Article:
His grandmother Chaya Kohn in Germany is also mentioned in this Book. She became the second wife of Markus Landau after his first wife died in childbirth with their sixth child. With Chaya he had another 13 children, and one of them was the mother of Oliver Sacks.
Rolf Hofmann explains the family connections:
Marx Michael Kohn (the very last Rabbi in the District Rabbinate of Wallerstein, before it was incorporated with the Ichenhausen Rabbinate after his death) and his wife Judith, born Weisskopf had these children: Chaja (married Marcus Isreal Landau), Seligmann, Hindele (married Hermann Rieder), Helene Rachel (married Jonas Simon), Zipora (never married) and Pinchas Kohn (married Rosalia Moses). He was a renowned Rabbinate personality in Ansbach.
Standing from left to right: Mick, Violet, Isaak, Abe, Dora, Sidney, Annie
Sitting: Dave, Elsie (Oliver Sacks’s mother), Len, Grandfather and grandmother, Birdie
In front: Joe and Doogie
A great grandson of Judith Weisskopf, Nick Landau of London has helped us a lot with our project. He also wrote us this mail:
It was very nice to hear from you.
Yes, Oliver Sacks is my father’s first cousin. I will check in the book ”Onkel Wolfram” for anything that might interest you. I am surprised that he included Gunzenhausen in his remarks, because his mother was born in England. His father lived in Lithuania (I think) and came to England when he was very young. His mother was the sister of my grandfather, she was born in Kleinerdingen.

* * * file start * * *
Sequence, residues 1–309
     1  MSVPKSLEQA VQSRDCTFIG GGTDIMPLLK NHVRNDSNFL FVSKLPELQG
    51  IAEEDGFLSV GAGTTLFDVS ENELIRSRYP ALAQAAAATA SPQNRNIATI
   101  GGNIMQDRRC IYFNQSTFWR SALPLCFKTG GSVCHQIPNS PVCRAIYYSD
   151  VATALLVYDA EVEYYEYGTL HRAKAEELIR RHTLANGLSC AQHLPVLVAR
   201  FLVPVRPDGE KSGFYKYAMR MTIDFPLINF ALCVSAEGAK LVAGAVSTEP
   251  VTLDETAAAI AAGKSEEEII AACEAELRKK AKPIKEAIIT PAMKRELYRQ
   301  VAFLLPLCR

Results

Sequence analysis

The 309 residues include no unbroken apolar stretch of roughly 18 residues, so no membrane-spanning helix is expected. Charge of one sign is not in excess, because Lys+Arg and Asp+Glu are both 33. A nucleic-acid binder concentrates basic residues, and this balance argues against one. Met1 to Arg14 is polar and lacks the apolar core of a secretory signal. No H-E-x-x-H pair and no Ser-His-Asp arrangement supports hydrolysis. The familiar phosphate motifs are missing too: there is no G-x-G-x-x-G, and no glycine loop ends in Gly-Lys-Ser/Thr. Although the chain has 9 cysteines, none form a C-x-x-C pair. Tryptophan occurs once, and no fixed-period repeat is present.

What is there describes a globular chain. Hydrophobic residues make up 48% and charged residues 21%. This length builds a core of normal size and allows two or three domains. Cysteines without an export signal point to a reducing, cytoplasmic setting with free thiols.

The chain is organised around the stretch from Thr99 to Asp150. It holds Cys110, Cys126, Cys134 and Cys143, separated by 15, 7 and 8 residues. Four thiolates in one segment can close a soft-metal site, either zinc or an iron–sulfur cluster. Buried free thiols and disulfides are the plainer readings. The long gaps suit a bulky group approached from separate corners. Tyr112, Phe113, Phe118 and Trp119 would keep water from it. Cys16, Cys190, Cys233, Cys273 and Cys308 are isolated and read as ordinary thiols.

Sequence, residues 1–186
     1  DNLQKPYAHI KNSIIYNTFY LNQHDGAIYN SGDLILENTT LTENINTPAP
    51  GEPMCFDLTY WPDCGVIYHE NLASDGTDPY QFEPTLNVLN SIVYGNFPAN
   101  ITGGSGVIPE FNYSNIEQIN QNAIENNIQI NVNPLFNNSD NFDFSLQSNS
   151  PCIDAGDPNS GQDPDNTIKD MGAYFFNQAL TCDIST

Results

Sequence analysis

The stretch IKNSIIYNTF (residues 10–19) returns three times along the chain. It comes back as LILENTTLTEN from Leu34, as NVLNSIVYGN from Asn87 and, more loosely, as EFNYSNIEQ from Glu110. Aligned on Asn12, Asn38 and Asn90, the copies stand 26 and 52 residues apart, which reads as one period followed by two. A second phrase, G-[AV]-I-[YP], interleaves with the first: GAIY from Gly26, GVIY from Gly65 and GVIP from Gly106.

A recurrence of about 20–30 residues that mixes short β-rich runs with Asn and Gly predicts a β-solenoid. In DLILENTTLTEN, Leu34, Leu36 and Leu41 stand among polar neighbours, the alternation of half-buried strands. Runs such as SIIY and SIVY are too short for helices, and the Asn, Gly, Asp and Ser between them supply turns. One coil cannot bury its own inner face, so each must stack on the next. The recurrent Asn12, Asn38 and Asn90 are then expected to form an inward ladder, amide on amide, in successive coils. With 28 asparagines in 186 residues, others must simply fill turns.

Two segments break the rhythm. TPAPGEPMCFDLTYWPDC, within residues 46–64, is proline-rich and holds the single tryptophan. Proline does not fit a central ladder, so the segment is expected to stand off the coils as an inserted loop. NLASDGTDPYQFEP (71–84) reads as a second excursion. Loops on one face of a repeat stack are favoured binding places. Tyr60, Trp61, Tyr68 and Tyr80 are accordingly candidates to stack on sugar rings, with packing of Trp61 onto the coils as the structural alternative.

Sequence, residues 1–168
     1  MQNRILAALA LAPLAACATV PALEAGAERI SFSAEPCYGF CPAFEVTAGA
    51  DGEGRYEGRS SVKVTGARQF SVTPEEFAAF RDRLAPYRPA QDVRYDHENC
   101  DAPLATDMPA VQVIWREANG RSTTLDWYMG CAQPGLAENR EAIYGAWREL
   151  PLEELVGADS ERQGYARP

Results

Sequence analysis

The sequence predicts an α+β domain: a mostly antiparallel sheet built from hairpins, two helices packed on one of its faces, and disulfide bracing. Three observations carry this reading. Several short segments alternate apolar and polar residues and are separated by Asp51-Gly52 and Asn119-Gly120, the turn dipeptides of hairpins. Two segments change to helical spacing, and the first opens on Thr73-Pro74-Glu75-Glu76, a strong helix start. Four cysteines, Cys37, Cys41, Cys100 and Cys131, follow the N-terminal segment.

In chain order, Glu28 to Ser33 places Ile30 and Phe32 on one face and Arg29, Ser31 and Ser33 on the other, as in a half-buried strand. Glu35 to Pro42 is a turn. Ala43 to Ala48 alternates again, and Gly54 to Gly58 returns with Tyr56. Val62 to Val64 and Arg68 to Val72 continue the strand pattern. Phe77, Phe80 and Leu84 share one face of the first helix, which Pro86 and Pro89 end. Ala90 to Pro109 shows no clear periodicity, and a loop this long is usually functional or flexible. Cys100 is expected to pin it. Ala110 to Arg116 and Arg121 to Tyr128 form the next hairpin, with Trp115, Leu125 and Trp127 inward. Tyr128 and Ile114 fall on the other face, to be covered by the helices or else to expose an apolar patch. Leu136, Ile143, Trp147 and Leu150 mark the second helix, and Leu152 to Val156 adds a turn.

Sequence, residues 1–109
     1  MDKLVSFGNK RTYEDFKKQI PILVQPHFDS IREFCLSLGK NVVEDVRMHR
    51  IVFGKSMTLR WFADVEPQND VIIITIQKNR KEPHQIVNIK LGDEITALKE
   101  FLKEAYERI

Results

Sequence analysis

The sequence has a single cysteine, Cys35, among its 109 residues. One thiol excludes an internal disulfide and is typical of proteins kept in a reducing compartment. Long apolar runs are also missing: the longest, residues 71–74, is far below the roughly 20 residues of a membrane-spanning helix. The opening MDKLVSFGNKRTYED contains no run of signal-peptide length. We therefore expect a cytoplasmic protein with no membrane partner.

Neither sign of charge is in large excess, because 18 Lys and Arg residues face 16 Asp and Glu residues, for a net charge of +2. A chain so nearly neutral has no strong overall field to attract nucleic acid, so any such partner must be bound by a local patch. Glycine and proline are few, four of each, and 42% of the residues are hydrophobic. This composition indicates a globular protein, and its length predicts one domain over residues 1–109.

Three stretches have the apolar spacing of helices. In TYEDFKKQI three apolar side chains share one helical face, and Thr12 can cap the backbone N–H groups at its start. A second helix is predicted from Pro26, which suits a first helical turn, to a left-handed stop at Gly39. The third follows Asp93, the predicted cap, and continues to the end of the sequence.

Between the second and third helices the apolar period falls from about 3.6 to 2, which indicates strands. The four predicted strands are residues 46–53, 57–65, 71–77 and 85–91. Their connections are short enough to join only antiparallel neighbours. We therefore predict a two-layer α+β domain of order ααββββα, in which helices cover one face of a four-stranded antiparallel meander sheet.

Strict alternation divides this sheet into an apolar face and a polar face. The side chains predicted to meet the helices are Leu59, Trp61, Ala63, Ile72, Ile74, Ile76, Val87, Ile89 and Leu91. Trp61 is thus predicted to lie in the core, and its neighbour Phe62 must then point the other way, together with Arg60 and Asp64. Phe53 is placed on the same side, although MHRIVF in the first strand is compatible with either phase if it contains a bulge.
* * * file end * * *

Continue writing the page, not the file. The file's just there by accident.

Hindele Kohn, mother of Michael Rieder (Burgstallstrasse 9) was the sister of my great grandmother Chaya. As I mentioned before, both were born in Kleinerdingen.
If you check my ancesters in Waagstrasse 1, you will come upon Lazar and Seligman Weisskopf.
By the way, the “Onkel Wolfram” (Titel of the book by Oliver Sacks , was my Grandfather (Dave) later on, but he was not a chemist. I noticed that Oliver Lazar Weisskopf who was a Rabbi who had a penchant for alchemy, lived in Luebeck in the 17th century.Is it correct that Luebeck is in the north of Germany?I
I also see now that he wrote that his mother’s mother was born in Gunzenhausen. I have the family which a cousin in Australia put together, and I can be reasonably sure that my great grandmother was born in Kleinerdingen. I thought I had always heard that she came from there.
I hope that in the not too distant future I will be able to take a vacation and use it to visit the places where my family lived. They were buried in the cemetery at Wallerstein.
My forefathers (David Weisskopf and Mordechai Michael Kohn) were Rabbis in that area, and I have a copy of a newspaper article about them.
My father’s paternal grandmother, Chaya Kohn lived in Germany in 1873. His maternal Grandfather Wechsler came from Schwabach. They came to England at the same time.
My father had a family that came to England before the war. The family tree will include all those relatives that perished. Of course by that we had been in England for 70 years. In those days, before airmail and telephones, regular letters were the only means of keeping connections alive. It was very easy to lose contact.
Concerning the Rieder family, I will check the family tree, as soon as I can. My cousin in Australia compiled it. With the help of the listings in the family tree it should be possible to contact some of them.
With friendly greetings
Mr. Hoffmann plans to continue to send information about the family.